After nineteen years of relaxing, dying, conditioning, cutting, setting, and blow drying my hair in addition to dispensing tons of good ol' Mother wit and blunt truths, my hair stylist has decided to retire. To leave behind what I imagine are now exorbitant rents in the now-yuppified but formerly ghettofabulous area that was Hayes Valley in San Francisco where she has had her shop. To finally get off her feet and kick up her heels. To be with family.
Now I know I'm going to need a therapist.
Although I'm ecstatic for her -- her retirement reminds me that not every black woman has prepared for or has the means to retire -- I'm saddened to lose someone to whom I entrusted my joys, fears, man issues, and family issues. To lose someone who bluntly and necessarily told me when I was being stupid -- with men, with my money, with my family. Given that my mother's ability to do so waned with the early onset of her Alzheimer's, this blunt truth and Mother wit that only a Sister with Sense can dispense was sorely needed by me. Sometimes when I would come in for a touch-up, she would notice that my hair was falling out. She would spin the chair around and ask me, "So what's really going on in your life that's making your hair fall out?"
Sometimes we all need someone to verbally "slap us upside da hed," as my sister says, regarding the state of our lives, otherwise we won't make a much-needed change. My hair stylist was that person.
If there's not a client/hair stylist privilege like the doctor/patient privilege or clergy/congregant privilege, there definitely should be. I'll be the first to argue for it.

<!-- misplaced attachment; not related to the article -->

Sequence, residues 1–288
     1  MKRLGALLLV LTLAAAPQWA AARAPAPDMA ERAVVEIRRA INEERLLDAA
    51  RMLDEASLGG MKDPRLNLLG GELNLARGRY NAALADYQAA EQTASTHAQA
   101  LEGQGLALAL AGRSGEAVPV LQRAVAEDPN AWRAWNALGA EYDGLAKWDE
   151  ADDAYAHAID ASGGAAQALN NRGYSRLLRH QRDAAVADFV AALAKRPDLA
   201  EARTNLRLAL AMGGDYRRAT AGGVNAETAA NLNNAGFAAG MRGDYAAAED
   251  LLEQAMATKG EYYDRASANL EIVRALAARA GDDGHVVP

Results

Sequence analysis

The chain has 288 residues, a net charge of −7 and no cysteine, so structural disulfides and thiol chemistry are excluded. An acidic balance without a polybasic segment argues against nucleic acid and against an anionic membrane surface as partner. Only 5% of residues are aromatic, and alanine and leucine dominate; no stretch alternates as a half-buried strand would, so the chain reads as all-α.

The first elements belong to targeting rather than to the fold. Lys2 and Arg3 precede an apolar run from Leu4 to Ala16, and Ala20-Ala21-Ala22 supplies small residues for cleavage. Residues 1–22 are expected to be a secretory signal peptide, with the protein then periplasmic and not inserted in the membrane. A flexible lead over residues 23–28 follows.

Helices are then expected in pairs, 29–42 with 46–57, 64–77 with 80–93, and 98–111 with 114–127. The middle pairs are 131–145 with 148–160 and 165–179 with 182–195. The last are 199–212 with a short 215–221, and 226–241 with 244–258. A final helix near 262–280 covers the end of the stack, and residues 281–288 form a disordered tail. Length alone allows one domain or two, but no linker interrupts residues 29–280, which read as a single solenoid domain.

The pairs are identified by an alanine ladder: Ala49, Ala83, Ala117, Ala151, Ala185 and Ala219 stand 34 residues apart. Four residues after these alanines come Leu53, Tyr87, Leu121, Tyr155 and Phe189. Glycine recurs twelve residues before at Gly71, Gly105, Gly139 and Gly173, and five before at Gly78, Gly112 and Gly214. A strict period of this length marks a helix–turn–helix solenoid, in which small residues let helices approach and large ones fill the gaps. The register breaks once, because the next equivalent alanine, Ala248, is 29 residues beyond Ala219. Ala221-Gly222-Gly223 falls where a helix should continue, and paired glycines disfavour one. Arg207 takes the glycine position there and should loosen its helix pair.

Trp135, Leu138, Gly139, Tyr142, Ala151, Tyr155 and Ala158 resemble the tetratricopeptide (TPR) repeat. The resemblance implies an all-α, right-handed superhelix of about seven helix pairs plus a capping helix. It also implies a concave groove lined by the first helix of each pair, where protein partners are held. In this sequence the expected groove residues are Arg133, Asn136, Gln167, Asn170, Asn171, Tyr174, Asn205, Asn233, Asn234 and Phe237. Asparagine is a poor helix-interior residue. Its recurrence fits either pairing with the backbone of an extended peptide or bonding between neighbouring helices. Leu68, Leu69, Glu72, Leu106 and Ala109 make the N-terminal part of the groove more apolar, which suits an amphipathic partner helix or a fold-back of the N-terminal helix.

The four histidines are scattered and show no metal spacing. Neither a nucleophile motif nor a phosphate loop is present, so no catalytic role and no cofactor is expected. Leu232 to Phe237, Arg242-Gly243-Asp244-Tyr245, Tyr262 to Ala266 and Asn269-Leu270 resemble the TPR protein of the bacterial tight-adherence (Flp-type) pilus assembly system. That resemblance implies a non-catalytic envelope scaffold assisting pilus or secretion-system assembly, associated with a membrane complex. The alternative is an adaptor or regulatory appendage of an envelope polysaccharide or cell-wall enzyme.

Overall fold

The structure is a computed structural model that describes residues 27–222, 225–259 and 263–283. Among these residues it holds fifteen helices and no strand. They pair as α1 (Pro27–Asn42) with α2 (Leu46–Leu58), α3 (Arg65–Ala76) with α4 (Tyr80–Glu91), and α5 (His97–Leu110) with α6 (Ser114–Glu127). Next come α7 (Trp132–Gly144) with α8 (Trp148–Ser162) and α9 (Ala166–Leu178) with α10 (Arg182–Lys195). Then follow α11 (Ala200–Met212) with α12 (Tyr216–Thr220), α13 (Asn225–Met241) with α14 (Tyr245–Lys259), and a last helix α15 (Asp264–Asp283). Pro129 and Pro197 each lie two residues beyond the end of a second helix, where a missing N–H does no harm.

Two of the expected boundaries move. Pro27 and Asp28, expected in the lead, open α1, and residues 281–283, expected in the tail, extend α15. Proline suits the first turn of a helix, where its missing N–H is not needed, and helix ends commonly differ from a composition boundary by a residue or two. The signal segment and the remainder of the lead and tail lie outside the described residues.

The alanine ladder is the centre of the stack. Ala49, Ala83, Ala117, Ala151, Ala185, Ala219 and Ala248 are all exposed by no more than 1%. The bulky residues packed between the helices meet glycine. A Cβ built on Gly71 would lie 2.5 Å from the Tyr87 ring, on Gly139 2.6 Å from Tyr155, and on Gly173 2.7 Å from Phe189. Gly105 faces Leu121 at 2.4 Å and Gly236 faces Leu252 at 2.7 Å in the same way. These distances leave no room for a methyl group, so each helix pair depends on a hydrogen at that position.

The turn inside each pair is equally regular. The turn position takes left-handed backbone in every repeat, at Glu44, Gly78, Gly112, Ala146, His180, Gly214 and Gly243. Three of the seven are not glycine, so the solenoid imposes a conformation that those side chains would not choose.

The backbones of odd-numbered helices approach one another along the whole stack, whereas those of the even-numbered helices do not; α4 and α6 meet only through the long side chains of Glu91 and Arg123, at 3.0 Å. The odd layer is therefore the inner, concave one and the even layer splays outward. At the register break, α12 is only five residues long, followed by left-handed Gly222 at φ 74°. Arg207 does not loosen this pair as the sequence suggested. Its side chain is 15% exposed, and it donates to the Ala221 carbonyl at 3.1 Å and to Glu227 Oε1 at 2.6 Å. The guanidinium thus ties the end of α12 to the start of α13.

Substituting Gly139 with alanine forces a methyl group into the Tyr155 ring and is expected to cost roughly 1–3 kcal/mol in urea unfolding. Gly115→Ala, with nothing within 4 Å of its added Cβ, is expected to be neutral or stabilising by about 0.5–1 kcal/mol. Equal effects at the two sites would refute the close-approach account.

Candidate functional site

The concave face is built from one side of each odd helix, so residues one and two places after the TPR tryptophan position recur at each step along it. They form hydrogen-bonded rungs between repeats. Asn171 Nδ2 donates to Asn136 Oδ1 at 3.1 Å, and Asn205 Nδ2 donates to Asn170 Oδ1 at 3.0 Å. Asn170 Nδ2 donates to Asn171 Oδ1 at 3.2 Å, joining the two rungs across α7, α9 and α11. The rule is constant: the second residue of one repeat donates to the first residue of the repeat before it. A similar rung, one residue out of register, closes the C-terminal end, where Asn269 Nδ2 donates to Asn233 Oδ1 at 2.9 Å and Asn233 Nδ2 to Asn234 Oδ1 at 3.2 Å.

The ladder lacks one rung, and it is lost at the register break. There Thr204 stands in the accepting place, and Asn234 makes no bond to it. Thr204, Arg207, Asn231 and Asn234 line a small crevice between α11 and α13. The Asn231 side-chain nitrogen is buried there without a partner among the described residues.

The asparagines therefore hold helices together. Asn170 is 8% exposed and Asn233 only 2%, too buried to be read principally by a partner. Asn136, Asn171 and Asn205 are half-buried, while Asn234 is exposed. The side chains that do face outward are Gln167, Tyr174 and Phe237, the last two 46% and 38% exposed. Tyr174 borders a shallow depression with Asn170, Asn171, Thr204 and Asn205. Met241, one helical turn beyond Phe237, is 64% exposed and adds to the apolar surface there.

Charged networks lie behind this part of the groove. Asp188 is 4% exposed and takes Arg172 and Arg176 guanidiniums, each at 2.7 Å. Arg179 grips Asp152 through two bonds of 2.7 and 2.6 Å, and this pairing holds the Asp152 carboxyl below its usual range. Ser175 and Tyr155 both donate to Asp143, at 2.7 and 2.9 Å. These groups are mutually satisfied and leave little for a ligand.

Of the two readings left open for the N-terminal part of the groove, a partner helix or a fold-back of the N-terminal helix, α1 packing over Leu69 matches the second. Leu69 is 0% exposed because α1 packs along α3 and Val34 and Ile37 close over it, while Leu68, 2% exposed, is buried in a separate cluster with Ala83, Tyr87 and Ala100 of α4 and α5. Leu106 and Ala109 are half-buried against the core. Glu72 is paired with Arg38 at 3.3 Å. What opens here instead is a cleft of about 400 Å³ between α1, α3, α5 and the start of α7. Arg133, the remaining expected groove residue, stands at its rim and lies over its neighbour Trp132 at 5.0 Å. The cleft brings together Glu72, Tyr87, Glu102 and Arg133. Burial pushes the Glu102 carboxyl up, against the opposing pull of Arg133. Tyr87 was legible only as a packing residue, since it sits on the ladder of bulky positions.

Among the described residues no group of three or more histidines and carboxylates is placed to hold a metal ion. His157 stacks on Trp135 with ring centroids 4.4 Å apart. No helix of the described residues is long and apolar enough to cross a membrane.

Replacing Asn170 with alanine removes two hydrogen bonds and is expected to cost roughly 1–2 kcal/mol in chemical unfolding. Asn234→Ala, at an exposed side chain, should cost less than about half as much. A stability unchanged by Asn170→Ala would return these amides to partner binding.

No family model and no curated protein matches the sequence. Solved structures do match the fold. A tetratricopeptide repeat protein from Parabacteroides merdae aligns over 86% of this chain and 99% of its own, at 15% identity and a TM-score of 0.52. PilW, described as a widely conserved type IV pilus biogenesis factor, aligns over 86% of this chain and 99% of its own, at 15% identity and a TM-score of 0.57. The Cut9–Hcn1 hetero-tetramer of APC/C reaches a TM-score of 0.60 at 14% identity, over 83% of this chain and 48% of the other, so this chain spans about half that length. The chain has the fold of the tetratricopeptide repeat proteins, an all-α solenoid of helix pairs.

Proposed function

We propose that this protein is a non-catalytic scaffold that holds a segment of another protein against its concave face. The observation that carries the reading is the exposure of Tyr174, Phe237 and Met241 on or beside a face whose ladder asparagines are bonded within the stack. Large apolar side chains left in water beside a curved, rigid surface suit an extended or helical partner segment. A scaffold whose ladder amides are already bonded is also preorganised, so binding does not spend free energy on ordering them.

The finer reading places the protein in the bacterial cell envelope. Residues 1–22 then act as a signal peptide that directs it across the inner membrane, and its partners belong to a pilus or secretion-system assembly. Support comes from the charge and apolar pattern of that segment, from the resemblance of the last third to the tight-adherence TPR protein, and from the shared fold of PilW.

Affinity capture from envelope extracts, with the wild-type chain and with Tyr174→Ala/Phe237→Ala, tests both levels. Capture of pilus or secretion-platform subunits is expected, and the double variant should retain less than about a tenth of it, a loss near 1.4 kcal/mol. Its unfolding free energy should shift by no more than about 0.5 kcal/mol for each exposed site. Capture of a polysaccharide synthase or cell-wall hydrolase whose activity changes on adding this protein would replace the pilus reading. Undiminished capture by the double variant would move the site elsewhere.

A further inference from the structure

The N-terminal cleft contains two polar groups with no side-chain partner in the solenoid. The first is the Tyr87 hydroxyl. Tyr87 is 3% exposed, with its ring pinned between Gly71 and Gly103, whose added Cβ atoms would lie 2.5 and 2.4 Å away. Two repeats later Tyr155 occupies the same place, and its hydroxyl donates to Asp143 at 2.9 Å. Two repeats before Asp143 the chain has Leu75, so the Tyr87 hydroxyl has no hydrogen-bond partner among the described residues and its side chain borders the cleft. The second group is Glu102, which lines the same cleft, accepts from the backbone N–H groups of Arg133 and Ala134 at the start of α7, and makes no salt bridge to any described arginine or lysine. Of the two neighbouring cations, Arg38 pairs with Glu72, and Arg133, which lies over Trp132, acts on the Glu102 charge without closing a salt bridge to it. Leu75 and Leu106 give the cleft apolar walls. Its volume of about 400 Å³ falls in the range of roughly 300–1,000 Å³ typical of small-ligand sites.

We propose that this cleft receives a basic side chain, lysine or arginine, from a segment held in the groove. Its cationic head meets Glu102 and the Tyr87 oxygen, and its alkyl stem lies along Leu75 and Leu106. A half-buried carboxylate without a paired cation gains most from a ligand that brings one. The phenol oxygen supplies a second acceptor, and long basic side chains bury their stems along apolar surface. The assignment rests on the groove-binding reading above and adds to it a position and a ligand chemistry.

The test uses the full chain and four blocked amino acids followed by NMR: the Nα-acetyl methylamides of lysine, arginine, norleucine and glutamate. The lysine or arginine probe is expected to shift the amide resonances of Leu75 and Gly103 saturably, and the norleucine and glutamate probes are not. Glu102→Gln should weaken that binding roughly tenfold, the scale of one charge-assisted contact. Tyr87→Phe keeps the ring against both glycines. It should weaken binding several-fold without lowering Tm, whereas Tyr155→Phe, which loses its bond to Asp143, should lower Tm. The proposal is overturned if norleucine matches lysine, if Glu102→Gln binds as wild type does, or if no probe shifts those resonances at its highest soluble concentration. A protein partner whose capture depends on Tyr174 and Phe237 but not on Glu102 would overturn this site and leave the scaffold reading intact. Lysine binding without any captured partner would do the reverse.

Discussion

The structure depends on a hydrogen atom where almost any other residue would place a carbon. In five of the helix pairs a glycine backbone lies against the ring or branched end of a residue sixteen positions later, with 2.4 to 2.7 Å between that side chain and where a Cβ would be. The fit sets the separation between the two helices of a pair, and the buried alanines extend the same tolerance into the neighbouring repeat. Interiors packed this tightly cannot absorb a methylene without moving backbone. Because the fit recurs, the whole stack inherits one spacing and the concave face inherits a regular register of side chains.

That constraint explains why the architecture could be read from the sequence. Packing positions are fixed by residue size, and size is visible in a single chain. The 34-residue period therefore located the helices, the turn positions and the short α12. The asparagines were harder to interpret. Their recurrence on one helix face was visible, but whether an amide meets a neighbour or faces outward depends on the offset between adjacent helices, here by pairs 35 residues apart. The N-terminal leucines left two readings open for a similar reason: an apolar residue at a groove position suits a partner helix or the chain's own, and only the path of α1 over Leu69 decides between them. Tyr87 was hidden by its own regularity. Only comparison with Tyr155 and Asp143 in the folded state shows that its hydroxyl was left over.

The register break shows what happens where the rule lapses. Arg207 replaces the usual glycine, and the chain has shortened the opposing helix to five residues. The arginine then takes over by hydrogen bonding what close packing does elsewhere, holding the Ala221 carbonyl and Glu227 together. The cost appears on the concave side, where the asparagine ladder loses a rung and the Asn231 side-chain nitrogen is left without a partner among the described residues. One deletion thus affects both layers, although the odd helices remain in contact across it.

The relationship black men have with their barbers is different than the relationship that black women have with their hair stylists. Black men discuss sports with their barbers; black women discuss black men with their hair stylists. As I explained to BMNB, my hair stylist has been in my life consistently for nineteen years, while he had been in my life inconsistently for more than twenty years. But for the fact that I married him, she would hold higher status in my life, just on loyalty alone. She knows more about my loser ex-boyfriends than my husband does. And I think it should stay just that way.
But when a sister retires, we should all rejoice. Black women tend to labor too long and too hard for too little. That one of us is freed from that labor is cause to rejoice, even if it means that we're going to be left behind and have to learn to be happy to be nappy.
Maybe I'll start wearing braids . . . .
Congratulations, Gigi Mathews, on a much deserved and well-earned retirement. I wish you joy, peace, and no more hair grease!